Golden Globe wins are often accurate predictors of who will win Oscar gold a month a later. Although Octavia Spencer's win for best supporting actress in The Help was a great moment for the seasoned actress, many are concerned that it was par for the course in an industry that rewards Black performers for stereotypical roles that make White audiences comfortable. Or, in other words, the acclaim over Spencer and Viola Davis' performances as 1960s maids isn't exactly groundbreaking.
The distributors of Pariah, a coming of age tale about a Black lesbian teenager in Brooklyn, submitted the film for Oscar consideration in six categories. Guardian contributor Mychal Denzel Smith stated in a recent column that he hopes the Academy favors Pariah over The Help for wins. Not only is Dee Rees’ film being praised as brilliant, beautifully written story it also, as Smith notes, it appeals to the liberal reputation of Hollywood, which has been long guilty of limiting the amount and brevity of roles for Black actors . He says, “Hollywood forces us to choose by only handing out quality roles to a few Black actors every other year, and then rewarding the least interesting and most divisive among them…a few nominations for Pariah would be a sign that Hollywood is at least trying to challenge their myopic view of Black people and black art.”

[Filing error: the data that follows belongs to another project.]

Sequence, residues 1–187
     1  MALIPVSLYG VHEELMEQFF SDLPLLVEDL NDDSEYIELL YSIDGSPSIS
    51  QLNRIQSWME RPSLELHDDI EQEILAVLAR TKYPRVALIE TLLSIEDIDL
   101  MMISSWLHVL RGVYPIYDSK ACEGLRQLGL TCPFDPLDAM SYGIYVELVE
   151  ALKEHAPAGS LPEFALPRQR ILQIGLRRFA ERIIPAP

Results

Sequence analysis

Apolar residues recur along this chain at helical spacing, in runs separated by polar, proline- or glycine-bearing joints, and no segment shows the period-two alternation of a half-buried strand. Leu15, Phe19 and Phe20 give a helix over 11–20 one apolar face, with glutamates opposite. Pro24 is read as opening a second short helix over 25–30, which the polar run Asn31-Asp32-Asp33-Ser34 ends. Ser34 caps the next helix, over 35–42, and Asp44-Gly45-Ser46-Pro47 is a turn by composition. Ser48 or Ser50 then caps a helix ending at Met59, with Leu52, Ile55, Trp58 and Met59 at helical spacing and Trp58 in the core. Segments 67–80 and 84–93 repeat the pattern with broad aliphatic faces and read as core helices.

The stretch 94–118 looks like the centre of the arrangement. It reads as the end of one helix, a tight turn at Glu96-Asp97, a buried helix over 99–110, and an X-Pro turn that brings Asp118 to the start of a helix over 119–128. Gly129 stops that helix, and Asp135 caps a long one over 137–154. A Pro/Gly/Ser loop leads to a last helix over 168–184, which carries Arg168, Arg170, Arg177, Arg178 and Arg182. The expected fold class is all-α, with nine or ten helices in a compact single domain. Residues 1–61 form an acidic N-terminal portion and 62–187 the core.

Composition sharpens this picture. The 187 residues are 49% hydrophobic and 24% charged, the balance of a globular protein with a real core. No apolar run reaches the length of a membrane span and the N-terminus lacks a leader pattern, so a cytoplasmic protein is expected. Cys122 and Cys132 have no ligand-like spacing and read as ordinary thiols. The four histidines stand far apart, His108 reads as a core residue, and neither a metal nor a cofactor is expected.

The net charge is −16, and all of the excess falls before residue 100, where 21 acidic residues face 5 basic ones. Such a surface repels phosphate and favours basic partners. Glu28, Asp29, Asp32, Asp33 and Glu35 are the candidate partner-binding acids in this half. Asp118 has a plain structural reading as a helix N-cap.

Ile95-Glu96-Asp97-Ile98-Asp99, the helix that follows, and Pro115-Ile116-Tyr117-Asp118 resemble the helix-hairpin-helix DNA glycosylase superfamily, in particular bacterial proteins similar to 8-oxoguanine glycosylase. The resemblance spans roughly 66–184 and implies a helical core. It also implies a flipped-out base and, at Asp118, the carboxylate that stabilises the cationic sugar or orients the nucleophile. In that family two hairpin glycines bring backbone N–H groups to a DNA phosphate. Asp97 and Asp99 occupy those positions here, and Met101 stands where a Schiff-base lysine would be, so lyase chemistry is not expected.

For all of the very public complaints about the limited scope of roles for Black actors and filmmakers, we have yet to demonstrate our appetite for something different via ticket sales. So as we ask if Hollywood is ready for Pariah, shouldn't we also be asking…are we ready for Pariah? Will Black audiences put their money where their mouths are? Or are we just as comfortable with the same 'ol, same 'ol as "mainstream" audiences?